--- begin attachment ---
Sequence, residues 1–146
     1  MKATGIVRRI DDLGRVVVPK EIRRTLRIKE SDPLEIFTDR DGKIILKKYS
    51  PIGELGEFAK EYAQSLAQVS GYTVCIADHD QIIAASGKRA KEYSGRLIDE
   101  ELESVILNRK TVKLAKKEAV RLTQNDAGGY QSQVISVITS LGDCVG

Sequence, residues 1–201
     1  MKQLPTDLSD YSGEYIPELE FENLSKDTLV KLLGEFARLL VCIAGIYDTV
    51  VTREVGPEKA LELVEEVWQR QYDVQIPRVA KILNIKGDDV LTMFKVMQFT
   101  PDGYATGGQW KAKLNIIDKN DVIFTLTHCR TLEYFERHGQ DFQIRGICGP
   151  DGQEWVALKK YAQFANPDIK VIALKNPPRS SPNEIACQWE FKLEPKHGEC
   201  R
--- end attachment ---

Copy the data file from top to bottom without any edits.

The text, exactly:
Sequence, residues 1–146
     1  MKATGIVRRI DDLGRVVVPK EIRRTLRIKE SDPLEIFTDR DGKIILKKYS
    51  PIGELGEFAK EYAQSLAQVS GYTVCIADHD QIIAASGKRA KEYSGRLIDE
   101  ELESVILNRK TVKLAKKEAV RLTQNDAGGY QSQVISVITS LGDCVG

Sequence, residues 1–201
     1  MKQLPTDLSD YSGEYIPELE FENLSKDTLV KLLGEFARLL VCIAGIYDTV
    51  VTREVGPEKA LELVEEVWQR QYDVQIPRVA KILNIKGDDV LTMFKVMQFT
   101  PDGYATGGQW KAKLNIIDKN DVIFTLTHCR TLEYFERHGQ DFQIRGICGP
   151  DGQEWVALKK YAQFANPDIK VIALKNPPRS SPNEIACQWE FKLEPKHGEC
   201  R